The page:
Not to be argumentative, but...
I don't think misplacing a manual for a few minutes is an example of
Murphy's Law. Had you broken the saw while changing the blade, THEN
Murphy's law would have applied. The law is: "Anything that can go wrong,
will go wrong".
Thomas Mitchell wrote:
FACT: There _really_ was a Murphy. Edward A. Murphy. He was a Q.C. engineer
for McDonald Douglas. Assigned to the manned rocket-sled (known as the 'lead
sled') acceleration experiments done at Boneville Salt Flats.
Came one day when Colonel Paul Stapp climbed on the sled to go for ride,
trying for a "world record" for the number of "G's" for an unprotected man.
And off he went. _Felt_ like a record run to him. Got off, and asked the
techs "How many G's?" They replied: "Zero."
Ed Murphy was on the next flight to Bonneville from St. Louis. Upon
investigation, he found that a new set of accellerometers had been installed
on the sled. That they would fit, in either of two orientations. And that
they _had_ been installed *BACKWARDS*.
His actual words: "If there is a way that a thing can be done wrong, sooner
or later it _will_ be done wrong." (*very* valid, from a QC perspective)
However, at a press conference following, Col. Stapp _mis-quoted_ him as:
"whatever _can_ go wrong, *will* go wrong." and the rest is, as they say,
Close, but no cigar!! Here's the TRUE story.
Until today I didn't know the location but I knew that an
officer named Murphy made the comment about an enlisted man.
McDonald Douglass -- contractor for the lead sled project -- seems to think
he worked for _them_. They ran his story, in the in-house employees magazine,
circa 1980. Old interview material, _photo_ of him in his McDonald-Douglass
office, etc. Including _his_own_ description of the events, *and* his dislike
of _his_ name being associated with the "incorrect" remark.
On review, I misquoted the original words. they are: "If a thing can be done
in two or more ways, and one of them results in catastrophe, sooner or later
it will be done that way."
Stapp's mis-quote, at the press-conference, _the_day_after_ the botched attempt,
*is* a matter of public record. (and I, personally, know one of the wire-service
reporters who was present at that press conference) Murphy says that Stapp
*was* present when he made the original remark. I also correct myself in noting
that at that time, Stapp held the rank of Major. The promotion to Colonel came
a bit later.
I've found another, apparently reliable, source that indicates Murphy was an
Air Force officer, with the rank of Captain, at the time of the events. The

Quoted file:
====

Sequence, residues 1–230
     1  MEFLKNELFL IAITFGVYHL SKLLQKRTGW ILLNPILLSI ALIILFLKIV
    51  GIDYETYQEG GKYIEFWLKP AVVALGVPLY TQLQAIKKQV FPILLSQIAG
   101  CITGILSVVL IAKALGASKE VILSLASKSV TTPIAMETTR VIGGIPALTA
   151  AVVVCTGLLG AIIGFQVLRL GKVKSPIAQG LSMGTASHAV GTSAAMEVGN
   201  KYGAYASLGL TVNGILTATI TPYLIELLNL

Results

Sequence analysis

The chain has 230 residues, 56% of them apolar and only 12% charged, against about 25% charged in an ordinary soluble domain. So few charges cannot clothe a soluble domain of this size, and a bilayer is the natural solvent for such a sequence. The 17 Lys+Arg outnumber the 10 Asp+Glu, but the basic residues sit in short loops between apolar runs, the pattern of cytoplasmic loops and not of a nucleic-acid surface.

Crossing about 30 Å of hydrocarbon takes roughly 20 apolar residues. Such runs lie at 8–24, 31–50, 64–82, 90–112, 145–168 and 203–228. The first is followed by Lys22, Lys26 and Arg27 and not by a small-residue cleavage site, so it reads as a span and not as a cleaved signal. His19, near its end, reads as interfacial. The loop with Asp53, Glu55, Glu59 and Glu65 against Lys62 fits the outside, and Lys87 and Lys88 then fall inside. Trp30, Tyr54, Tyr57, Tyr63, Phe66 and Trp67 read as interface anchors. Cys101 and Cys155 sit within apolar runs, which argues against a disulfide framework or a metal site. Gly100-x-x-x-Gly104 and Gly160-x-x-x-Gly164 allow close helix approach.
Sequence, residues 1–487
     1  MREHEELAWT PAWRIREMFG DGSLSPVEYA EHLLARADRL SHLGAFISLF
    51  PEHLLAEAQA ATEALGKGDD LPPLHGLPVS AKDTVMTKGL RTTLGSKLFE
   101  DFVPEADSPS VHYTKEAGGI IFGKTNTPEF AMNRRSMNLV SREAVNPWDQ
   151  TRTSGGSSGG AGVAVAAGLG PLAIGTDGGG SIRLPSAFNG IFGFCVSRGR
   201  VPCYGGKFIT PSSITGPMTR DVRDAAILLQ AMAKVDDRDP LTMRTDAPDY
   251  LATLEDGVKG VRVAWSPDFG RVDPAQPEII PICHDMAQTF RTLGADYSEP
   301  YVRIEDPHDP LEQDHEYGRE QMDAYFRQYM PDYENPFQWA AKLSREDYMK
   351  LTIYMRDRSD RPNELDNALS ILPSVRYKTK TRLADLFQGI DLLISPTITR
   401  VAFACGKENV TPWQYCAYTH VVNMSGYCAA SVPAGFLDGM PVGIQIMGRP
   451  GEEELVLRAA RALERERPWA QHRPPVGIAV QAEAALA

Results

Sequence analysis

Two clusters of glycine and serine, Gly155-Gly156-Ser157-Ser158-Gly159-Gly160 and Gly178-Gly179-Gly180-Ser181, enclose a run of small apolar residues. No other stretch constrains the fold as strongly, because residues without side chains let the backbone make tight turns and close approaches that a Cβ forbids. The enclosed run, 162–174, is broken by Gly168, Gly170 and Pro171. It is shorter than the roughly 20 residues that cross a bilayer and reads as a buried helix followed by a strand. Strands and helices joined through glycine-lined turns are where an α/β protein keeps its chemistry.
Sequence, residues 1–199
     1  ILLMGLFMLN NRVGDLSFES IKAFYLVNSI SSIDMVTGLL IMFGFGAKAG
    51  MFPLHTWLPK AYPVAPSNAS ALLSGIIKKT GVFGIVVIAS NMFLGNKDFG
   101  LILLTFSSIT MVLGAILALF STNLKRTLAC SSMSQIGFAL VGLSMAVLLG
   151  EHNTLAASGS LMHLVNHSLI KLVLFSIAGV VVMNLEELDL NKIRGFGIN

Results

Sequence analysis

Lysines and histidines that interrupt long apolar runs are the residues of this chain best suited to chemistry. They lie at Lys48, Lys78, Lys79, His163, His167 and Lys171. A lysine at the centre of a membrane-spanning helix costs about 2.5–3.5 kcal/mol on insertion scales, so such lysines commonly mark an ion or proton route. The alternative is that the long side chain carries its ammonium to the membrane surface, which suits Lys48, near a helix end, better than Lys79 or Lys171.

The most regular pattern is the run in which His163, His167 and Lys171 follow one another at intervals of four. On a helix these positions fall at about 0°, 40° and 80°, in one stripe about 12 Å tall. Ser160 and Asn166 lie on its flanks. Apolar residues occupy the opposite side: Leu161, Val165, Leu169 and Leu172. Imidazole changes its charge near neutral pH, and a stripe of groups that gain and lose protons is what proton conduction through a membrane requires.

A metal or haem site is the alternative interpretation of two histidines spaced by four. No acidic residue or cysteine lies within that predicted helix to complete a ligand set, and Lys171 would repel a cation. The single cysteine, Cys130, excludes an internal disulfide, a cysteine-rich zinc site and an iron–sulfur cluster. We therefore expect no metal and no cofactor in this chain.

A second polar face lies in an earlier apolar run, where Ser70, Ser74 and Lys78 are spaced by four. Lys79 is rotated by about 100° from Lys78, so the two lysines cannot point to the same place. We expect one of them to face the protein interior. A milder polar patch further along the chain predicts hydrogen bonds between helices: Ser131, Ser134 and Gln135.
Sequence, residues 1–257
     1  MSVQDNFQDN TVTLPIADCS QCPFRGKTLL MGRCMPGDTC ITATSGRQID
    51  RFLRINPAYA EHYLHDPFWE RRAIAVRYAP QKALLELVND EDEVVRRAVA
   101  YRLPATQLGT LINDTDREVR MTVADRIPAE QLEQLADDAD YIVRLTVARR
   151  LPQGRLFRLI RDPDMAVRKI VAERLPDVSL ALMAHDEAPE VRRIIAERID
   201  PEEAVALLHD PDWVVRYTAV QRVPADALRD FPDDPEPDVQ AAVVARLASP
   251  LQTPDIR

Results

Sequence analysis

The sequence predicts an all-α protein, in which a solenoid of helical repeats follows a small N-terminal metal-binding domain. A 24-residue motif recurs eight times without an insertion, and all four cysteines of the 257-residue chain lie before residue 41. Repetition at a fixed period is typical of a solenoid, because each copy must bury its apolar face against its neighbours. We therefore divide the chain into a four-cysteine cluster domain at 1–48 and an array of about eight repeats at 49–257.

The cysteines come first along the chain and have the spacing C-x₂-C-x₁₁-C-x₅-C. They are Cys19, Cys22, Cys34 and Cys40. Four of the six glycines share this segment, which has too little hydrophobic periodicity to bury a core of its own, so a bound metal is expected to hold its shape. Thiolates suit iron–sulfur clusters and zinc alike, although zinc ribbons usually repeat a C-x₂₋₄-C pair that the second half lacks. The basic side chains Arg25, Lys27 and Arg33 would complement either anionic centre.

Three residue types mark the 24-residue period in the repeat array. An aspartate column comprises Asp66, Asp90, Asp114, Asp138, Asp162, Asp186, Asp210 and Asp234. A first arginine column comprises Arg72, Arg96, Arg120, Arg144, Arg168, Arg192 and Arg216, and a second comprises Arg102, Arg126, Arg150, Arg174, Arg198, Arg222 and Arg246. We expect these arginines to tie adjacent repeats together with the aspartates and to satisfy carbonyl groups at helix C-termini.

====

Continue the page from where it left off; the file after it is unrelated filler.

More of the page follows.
McDonald Douglas write-up doesn't expressly address the issue, either way. It
is not unreasonable to speculate that he may have been in the civilian employ
of McDonald Douglass, and was called back to active duty.
Note: the design and fabrication work for the lead sled components and
instrumentation was done at Mcdonald Douglas facilities in St. Louis, and
the objects sent to Bonneville for actual use. Even if Murphy was an Air
Force, rather than civilian, member of the project, it's probable he would
have been in St. Louis, rather than at Bonneville, and _would_ have had to
fly out to debug the problem.
<<I decided to take the time to figure out how dewalt
wanted me to change the blade and after about ten minutes I saw how
unbelievably simple it was. I finished the storage bench and started
giving the garage a good cleaning. Five minutes into the cleaning, I
found the manual. Damn murphy.>>
You got off easy. If Murphy were really doing his job you would have
finished the bench without incident, reinstalled your good blade, cut some
virgin stock and clipped an embedded piece of metal.
Or you would have set the blade down, forgot where you put it, search for a
hour, lose the wrenches, get frustrated and go buy a new blade, come home a
realize you had already put the damn blade on. Or maybe that only happens to
me, oh well
You took the words out of my mouth. Running a sharp blade spinning at
22,000 rpm or so through a piece of wood known to have bits of metal
embedded in it...and you make it out well enough to tell the story? I
don't think Murphy was anywhere around.
I am a great believer in luck, and I find the harder I work the more I have
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